It’s been a busy few weeks, and I have been silent on the blog. Last week, I gained another pet. A hunter was out in the forest and he killed a female paca. He noticed that when she died, her stomach was moving; she was pregnant. He took his knife and cut the baby paca out of its mother’s belly, and it took its first breath. His wife brought this little paca to Ellie and I asking if we wanted to raise it. It was adorable, so we said yes. When we got her, she could barely move. She was lying on her side, hardly breathing. Her umbilical cord was tied too loosely, with infection all around it. We didn’t think she would live.
The next few days, we force-fed her milk with a syringe and she started to gain strength. She would run around the house and follow us, try to climb in your lap when you sat on the floor, and was just having a grand time. Since paca are nocturnal she slept a lot during the day, but at sunrise and sunset she was an absolute ball of energy. When she gained more strength and started eating bananas mashed in milk, we retied her umbilical cord and cut off the infected portion, rubbing it with alcohol and antibiotics. We noticed she also had some sort of systemic infection, and it was affecting her ability to open her eyes fully. We started giving her tiny doses of antibiotics with her milk, and she kept gaining strength.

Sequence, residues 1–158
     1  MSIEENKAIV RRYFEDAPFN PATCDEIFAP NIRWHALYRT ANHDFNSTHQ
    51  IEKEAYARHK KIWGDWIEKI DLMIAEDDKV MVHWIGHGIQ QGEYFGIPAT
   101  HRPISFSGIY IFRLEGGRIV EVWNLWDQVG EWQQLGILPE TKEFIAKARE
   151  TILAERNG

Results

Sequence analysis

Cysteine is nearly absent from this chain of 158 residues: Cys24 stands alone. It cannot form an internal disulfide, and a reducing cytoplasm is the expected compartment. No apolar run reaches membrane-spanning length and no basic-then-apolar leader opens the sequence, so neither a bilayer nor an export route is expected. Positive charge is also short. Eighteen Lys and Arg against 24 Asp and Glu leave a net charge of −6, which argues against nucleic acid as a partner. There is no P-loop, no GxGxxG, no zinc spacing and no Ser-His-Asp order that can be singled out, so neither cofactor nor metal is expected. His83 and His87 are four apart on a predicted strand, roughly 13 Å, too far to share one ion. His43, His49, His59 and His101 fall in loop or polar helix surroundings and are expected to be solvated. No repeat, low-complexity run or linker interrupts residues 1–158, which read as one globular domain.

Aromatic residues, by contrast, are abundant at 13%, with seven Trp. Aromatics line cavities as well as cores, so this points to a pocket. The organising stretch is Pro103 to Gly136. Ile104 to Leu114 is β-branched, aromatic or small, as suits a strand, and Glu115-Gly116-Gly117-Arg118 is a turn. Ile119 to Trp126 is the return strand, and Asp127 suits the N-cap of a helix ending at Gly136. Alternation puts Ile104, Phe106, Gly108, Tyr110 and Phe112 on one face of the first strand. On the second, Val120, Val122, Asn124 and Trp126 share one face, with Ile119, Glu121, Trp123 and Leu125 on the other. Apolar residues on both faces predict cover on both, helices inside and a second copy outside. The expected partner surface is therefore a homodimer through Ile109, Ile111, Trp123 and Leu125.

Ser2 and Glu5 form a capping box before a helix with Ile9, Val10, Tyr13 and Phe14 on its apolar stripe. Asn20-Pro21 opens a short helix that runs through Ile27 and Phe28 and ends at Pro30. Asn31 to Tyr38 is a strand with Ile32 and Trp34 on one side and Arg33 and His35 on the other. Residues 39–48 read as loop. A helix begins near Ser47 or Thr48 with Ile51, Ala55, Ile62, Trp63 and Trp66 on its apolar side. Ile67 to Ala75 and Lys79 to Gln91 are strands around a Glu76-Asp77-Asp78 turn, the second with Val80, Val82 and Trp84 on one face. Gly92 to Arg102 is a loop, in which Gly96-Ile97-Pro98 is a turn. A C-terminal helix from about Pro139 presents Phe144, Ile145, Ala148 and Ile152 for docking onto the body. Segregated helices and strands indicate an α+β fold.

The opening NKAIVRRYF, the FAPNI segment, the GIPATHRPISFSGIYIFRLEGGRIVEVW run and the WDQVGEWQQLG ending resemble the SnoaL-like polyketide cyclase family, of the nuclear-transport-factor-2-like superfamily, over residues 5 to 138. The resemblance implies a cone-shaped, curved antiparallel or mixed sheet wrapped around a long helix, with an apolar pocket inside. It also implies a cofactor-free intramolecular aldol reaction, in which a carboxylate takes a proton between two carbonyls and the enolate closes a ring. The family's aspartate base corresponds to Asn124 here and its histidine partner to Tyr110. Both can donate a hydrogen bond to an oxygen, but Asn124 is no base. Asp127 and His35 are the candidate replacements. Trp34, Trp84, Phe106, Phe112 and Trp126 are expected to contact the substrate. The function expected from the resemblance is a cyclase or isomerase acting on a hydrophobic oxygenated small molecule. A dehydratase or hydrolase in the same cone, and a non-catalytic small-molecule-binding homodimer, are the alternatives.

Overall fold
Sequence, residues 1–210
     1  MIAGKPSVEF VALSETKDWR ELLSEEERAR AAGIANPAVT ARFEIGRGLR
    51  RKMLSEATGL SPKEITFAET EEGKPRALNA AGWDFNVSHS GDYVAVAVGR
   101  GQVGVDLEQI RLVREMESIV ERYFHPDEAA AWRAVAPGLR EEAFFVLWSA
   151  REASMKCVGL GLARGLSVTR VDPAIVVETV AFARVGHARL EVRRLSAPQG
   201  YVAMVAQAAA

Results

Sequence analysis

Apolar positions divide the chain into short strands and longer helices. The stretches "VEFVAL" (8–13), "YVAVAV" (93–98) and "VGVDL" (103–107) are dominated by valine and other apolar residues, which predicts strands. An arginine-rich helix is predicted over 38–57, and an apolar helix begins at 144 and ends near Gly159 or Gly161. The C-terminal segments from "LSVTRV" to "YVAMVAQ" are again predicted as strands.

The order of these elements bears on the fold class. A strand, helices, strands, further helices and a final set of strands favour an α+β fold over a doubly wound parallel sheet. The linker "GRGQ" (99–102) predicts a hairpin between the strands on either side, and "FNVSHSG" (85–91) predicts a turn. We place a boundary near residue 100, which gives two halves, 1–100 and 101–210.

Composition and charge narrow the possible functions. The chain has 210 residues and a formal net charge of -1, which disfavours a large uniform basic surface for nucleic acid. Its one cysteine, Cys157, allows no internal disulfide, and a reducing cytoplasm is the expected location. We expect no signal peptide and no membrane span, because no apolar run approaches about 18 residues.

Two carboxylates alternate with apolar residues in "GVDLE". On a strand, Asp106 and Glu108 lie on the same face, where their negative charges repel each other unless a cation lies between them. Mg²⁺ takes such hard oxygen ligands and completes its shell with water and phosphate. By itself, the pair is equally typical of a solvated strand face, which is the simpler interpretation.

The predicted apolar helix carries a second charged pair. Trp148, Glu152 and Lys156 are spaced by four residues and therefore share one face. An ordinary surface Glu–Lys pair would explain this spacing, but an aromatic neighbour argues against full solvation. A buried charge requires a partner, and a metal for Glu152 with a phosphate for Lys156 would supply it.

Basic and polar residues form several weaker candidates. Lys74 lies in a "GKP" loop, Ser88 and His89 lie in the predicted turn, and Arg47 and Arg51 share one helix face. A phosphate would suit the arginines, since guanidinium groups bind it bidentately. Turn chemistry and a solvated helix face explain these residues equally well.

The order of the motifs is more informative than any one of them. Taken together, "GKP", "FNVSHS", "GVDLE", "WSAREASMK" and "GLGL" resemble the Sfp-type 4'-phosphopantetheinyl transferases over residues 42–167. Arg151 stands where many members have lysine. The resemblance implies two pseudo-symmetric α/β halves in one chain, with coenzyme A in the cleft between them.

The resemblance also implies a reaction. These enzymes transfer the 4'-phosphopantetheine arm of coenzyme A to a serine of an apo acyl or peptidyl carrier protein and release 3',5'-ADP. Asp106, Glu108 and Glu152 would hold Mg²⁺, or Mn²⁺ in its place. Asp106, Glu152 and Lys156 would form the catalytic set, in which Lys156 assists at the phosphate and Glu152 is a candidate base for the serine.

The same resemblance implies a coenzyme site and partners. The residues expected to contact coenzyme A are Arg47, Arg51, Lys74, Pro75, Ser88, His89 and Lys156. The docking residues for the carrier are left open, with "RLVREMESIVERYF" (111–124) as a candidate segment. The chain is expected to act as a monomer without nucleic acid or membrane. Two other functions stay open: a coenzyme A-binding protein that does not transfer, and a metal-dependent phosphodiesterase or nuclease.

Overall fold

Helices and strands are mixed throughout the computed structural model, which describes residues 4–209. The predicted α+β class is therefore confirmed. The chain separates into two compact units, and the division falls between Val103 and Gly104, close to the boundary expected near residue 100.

After a week, we started taking her to the lodge with us, taking her on the boat, everywhere. She went down to the river and learned to swim and I gave her baths in the morning to make her smell better and wash out her infections. The community loved it – we had so many visitors every day coming by asking to see her and kids asking to play with her. Mothers came by to give us advice on the best ways to feed her and share experiences of theirs caring for animals. I think Katie fell in love with her remotely, from a few pictures and a few minutes on FaceTime.
Well, sadly, this post is written in past tense for a reason. This morning when I woke up, she was sleeping peacefully, doing her normal twitching in her dreams. I let her sleep for a few hours while I was doing interviews. When I came back around mid-morning, she had passed away fast asleep in her little burrow. I’m not sure how. She was nice and fat and healthy, with loads of energy; running around all night last night. Maybe the infection finally got to her, and we didn’t get her medicine fast enough.
It was a rough morning, I really got to like that little paca even though I knew she probably wouldn’t live, being “born” prematurely, and sick. I buried her out back of my house in the meadow under the Oropendola tree. I hope Katie and the community aren’t too upset; but I understand. She was my buddy too, for a while…